Name: Kyle Morphy
Born: Calgary AB - but raised in Winnipeg MB
Profession: Architecture (Sports Architecture)
From sports domes to skyscrapers. From houses to shopping malls. From museums to libraries. The list can go on, but what all of these buildings have in common is that they've all been carefully planned and designed by an architect. Kyle Morphy talks about what it's like to be a graduate architect.
What is an architect?
An architect is a person involved in the art of planning, designing and overseeing the construction of buildings, or more generally, the designer of a scheme or plan. But if you're a fan of the big screen, The Architect is a fictional character appearing in the last two films of the Matrix trilogy.
What's a typical day at work like?
It depends on the project we're working on, but obviously checking email constantly — for responses or questions from clients, plenty of interoffice emails from co-workers that are on the same design team.
In the design phase of a project there are lots of small meetings or unofficial brainstorming sessions on design solutions... lots and lots of sketches on tracing paper of ideas on designs for a particular building or landscape. And also at this stage we are constantly looking through books and design magazine for inspiration and ideas that might relate to our particular project.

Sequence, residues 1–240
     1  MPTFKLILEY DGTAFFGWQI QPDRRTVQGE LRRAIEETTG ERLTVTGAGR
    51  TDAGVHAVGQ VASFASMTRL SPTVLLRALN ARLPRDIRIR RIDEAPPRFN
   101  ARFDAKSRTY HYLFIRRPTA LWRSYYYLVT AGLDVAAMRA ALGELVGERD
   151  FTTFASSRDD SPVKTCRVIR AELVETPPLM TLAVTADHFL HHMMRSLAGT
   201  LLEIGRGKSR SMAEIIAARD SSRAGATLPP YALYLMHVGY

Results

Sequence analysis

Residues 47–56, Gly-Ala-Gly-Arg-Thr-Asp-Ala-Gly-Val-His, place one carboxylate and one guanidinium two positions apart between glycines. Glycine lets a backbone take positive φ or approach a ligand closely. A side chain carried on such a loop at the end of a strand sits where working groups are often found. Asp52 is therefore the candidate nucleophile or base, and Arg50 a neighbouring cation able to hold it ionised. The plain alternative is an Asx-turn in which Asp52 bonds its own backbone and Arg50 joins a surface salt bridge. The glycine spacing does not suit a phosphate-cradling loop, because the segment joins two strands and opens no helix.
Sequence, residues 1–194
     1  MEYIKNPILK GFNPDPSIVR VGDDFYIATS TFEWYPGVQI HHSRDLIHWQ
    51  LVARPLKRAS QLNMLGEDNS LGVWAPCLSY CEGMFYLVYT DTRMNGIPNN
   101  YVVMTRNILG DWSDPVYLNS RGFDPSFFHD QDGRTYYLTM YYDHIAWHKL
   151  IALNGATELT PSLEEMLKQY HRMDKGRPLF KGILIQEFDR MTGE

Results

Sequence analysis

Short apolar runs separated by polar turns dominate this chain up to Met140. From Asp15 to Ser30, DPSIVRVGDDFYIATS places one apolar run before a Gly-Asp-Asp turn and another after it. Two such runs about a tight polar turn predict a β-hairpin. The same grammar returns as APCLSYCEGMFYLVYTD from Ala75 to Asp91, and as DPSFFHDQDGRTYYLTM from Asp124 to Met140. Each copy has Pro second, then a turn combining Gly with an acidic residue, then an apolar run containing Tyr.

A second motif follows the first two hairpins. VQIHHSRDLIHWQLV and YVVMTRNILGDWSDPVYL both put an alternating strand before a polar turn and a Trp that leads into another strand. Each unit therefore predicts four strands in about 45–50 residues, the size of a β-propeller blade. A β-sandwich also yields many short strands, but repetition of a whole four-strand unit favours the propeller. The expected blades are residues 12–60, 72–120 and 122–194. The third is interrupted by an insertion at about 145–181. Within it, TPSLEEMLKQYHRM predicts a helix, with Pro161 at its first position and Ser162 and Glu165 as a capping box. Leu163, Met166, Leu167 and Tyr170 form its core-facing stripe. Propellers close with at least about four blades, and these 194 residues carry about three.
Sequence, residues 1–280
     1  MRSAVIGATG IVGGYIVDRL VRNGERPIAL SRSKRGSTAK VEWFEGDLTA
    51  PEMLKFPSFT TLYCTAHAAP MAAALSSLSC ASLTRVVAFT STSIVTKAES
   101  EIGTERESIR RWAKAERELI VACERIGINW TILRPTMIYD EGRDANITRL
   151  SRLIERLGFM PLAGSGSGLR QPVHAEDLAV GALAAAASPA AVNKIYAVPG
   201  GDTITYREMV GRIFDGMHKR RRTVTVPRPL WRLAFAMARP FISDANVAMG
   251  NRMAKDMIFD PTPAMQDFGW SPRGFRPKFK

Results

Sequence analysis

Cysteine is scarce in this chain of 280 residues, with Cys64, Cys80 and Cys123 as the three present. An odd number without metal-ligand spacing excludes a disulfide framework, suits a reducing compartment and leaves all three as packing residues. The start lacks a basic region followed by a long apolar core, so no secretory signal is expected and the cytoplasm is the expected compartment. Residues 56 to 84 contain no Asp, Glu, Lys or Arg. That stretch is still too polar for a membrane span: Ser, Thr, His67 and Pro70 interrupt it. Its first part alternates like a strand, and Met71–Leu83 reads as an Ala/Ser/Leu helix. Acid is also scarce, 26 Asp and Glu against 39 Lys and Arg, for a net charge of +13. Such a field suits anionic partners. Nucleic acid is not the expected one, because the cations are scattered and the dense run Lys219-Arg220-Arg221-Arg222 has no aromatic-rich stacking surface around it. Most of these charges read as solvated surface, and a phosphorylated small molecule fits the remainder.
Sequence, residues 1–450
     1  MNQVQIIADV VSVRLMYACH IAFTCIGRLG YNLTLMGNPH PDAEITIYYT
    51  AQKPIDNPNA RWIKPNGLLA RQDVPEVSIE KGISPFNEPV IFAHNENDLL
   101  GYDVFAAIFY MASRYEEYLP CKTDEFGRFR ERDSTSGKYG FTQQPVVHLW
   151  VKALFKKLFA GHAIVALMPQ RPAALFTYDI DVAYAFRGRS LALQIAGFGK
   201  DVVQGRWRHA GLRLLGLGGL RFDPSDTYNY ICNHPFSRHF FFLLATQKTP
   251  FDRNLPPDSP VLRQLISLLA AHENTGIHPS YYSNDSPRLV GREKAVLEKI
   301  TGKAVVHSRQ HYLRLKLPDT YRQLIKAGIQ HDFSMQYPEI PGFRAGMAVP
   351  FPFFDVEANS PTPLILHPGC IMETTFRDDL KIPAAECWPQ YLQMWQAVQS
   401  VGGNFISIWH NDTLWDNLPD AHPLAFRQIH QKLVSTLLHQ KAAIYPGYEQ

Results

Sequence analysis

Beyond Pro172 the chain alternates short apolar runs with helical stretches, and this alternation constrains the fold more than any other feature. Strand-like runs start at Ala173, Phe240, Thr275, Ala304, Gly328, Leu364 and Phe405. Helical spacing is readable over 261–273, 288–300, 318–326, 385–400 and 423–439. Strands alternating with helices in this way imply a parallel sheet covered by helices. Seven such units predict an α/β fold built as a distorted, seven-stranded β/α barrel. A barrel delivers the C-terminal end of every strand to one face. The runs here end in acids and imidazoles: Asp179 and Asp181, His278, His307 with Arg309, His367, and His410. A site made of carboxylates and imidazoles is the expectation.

There is plenty of surfing google images for precedents that might relate to the project. Often a single image can serve as the design inspiration for the project. In the design phase we want to represent our ideas as clearly or as best we can, particularly to the other members of the design team and to the client. Representation ranges from pencil sketches to building small scale models to computer renderings — Adobe Photoshop, Indesign, Illustrator, lots of different 3d modeling programs — 3D studio max, Rhino, Sketch-up and of course AutoCAD.
A majority of the day is spent simply refining and building upon each previous image or idea until you have a good representation of the design solution to show the client. We will do lots of small design reviews with the senior partners involved with the project and then every week or two have meetings with the clients to review the design. Many times, the clients are overseas so we're often emailing PDF packages and Jpegs to the client and emailing clarifications back and forth.
It's important to know that the type of work and typical day can be very different depending on the project and certainly depending on the firm that you work for. My firm does more of the front-end creative work often entering design competitions while other firms handle more of the contract administration - hammering out building details and construction schedules — issuing drawing packages to the client, engineers and construction companies in more of a project management capacity.
Meat Yes or no?
Hell yes. And double the meat.
Did you always want to be an architect?
No actually — I always loved to draw, but I wanted for the longest time to be an astronaut... and a professional athlete also!
What courses in high school prepared you for this field?
General math courses help and perhaps physics to begin to understand structures and loads. Social studies and courses in different cultures and world history I've found to be very valuable. Architecture is often the representative of world history and culture and it's important to know about it. There is a great deal that architects today can learn from architectural history.